California's landmark med-mal law called a national model

Chris Rizo Oct. 14, 2009, 7:42pm

Lisa Maas

John Sullivan

Jay Timmons

SACRAMENTO, Calif. (Legal Newsline)- As congressional lawmakers hammer out legislation to overhaul the U.S. health care system, they ought to look to California's landmark medical malpractice law as a successful model for cutting unnecessary heath care costs, experts told Legal Newsline.

The 34-year-old California law -- the Medical Injury Compensation Reform Act of 1975 -- caps non-economic damages in medical malpractice cases at $250,000. The law also puts limits on attorney contingency fees and provides for periodic payments of future damages.

"California is the perfect model for federal medical malpractice reform," said Lisa Maas, executive director of Californians Allied for Patient Protection, which supports keeping the current cap in place. "MICRA is considered the gold standard in terms of what other states look to for in tort reform in the medical liability area."

The state's trial lawyers over the years have led a bevy of unsuccessful legal challenges against the law, which Maas credited with keeping medical malpractice insurance premiums for doctors in California lower than in many states without liability caps, including New York.

"Every element of MICRA has been found to be constitutional in California," Maas said. "It works: it protects access to health care, it makes sure hospitals and clinics can stay open and doctors, nurses and other health care providers continue to practice."

MICRA, as the law is frequently called, was born out of a special legislative session called by then-Gov. Jerry Brown, currently the state's Democratic attorney general. The session was aimed at skyrocketing medical liability costs that were driving physicians from the Golden State.

Legal reformers and industry groups credit the long-standing law for keeping doctors in high risk specialties such as obstetrics and neurosurgery in California, reducing insurance costs and preventing runaway damage awards.

"It is definitely holding down (health care) costs in California compared to other states," said John Sullivan, executive director of the Civil Justice Association of California, the state's leading tort reform group.

"It would make sense" for Congress to enact MICRA-like legislation "as long as it does not disrupt the elements of MICRA that exist in this state or in states that have their own versions," Sullivan said.

Critics of the law, which withstood legal scrutiny as recently as this year, say the $250,000 cap has not been adjusted for inflation since it was enacted more than three decades ago.

In August, the California Supreme Court declined to hear a MICRA challenge. James Van Buren alleged in a Merced County case that the law violates his constitutional rights because, among other things, the $250,000 cap set in 1975 does not have the same buying power today as it did then.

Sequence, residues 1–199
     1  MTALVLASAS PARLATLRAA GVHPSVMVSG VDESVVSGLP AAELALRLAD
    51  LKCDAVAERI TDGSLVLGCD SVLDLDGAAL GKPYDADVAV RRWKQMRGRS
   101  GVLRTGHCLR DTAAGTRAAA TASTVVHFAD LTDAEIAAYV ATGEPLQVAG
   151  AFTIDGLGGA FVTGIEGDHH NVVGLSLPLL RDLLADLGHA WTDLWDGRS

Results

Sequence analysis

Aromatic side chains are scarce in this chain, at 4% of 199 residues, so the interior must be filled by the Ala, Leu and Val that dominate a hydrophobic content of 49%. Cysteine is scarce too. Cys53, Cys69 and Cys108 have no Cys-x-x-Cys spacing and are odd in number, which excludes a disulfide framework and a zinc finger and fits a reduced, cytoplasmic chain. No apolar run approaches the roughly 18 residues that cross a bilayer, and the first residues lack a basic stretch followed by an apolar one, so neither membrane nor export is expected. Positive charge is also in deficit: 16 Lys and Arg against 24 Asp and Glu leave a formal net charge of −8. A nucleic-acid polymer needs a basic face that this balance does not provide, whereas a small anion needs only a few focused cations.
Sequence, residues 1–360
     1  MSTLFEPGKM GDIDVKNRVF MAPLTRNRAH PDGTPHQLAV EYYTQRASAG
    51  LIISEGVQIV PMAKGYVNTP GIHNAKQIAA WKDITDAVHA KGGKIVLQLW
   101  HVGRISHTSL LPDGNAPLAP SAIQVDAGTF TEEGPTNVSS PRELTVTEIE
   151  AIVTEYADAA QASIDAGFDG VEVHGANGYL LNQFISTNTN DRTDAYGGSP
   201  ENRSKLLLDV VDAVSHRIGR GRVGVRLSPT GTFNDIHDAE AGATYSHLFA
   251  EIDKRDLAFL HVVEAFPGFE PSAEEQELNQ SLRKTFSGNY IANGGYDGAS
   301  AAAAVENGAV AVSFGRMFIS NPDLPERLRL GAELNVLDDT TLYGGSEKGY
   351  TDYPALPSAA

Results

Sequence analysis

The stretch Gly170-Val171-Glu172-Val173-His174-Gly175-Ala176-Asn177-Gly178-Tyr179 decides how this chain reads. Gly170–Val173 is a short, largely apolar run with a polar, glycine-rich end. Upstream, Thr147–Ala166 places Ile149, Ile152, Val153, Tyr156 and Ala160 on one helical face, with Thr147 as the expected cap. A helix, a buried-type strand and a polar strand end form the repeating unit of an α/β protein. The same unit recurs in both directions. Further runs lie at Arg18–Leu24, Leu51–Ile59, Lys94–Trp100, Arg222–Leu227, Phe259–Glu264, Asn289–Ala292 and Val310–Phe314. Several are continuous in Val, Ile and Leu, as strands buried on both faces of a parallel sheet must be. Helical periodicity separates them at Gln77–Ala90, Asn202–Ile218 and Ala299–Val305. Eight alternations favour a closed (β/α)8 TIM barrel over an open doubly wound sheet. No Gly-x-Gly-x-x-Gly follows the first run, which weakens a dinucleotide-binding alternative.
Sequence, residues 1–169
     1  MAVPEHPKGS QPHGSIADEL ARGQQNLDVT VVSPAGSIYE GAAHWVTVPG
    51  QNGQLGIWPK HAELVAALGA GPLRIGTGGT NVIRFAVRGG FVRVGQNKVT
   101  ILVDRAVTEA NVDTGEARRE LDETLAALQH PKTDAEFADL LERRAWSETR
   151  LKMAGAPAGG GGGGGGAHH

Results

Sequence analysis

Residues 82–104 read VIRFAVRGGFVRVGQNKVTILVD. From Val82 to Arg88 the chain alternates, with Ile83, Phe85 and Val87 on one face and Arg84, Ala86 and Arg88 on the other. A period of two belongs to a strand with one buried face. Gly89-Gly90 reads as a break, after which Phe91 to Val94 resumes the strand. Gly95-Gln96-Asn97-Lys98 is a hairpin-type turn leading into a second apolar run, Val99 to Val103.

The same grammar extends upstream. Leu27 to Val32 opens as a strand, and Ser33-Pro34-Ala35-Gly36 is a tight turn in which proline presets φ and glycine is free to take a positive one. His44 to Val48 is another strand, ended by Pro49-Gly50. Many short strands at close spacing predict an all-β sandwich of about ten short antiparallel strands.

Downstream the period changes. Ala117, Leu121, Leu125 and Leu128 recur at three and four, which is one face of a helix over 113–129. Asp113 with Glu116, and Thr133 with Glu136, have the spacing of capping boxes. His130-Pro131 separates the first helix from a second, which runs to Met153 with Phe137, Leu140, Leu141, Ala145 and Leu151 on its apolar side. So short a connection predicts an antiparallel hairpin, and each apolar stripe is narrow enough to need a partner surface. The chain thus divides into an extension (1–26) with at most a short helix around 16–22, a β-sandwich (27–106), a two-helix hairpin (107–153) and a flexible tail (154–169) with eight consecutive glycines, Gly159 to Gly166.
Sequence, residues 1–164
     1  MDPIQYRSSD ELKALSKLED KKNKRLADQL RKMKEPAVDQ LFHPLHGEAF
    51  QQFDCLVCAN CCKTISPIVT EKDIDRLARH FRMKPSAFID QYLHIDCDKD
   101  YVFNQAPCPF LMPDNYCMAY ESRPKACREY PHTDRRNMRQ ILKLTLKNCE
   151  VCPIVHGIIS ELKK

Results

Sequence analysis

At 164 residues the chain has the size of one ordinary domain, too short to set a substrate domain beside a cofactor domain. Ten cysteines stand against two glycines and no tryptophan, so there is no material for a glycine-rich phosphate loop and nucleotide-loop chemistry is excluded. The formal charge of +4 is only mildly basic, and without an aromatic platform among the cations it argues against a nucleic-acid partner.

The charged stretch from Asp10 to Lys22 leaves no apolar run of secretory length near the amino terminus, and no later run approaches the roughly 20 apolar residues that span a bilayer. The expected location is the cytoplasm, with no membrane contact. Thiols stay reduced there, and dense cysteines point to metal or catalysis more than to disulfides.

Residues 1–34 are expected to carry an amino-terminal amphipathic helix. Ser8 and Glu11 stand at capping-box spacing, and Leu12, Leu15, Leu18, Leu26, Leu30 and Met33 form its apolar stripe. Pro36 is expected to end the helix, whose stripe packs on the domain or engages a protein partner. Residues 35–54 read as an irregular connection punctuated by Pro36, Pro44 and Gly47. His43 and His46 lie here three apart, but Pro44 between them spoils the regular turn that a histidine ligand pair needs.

"The law is not a carte blanche, get-out-of-jail free card for doctors," said Andrew LaMar, a spokesman for the California Medical Association, which represents physicians. While MICRA restricts non-economic damage awards, there are unlimited awards for lost wages and medical costs.

"For that the sky is the limit," LaMar said. "Physicians are not getting a free ride. If someone makes an awful mistake ... someone has the right to sue."

A 2004 study by the Rand Institute for Civil Justice found that damage awards were 15 percent less than they would have been without the award caps, while attorney's fees were slashed by 60 percent. The study also noted that the law reduced med-mal defendants' overall liabilities by 30 percent.

Californians Allied for Patient Protection cites a study that increasing the damage award cap to $500,000 for such things as pain, suffering, emotional distress, or mental anguish would increase health care costs in California by nearly $8 billion per year.

"In a time in California when we are looking to cut costs and we're seeing cuts to education and social services, MICRA is one of those pieces of legislation that works," Maas said.

On Tuesday, the U.S. Senate Finance Committee approved an $829 billion plan that requires every American to have health insurance.

The plan is one of five health care overhaul proposals working its way through Congress. None of the Democrat-backed measures contain tort reforms.

The Senate Finance Committee plan would, among other things, expand Medicaid, create a new health insurance exchange and provide tax credits to help low- and middle-income earners to purchase health plans. The plan would also bar insurers from charging more or denying coverage because of pre-existing conditions or dropping coverage when someone becomes seriously ill.

Federal budget officials say the plan would reduce the federal deficit by $81 billion by reducing federal health care spending and by raising $121 billion in taxes on insurers, drug companies and medical device companies.

Jay Timmons, executive vice president of the National Association of Manufacturers, said his trade group is "disappointed" that the federal bill does not contain medical malpractice reforms.

"We are disappointed that the bill does not address the costly issue of 'defensive medicine' through medical malpractice reform in any meaningful way," he said in a statement Tuesday.

The director of the nonpartisan Congressional Budget Office, Douglas Elmendorf, said in a letter to members of the Senate Finance Committee last week that legal reforms would save federal taxpayers billions of dollars annually.

He estimated that enacting a $250,000 cap on damages for pain and suffering and a $500,000 cap on punitive damages and restricting the statute of limitations on malpractice claims would save taxpayers about $54 billion over the next decade.

From Legal Newsline: Reach staff reporter Chris Rizo at

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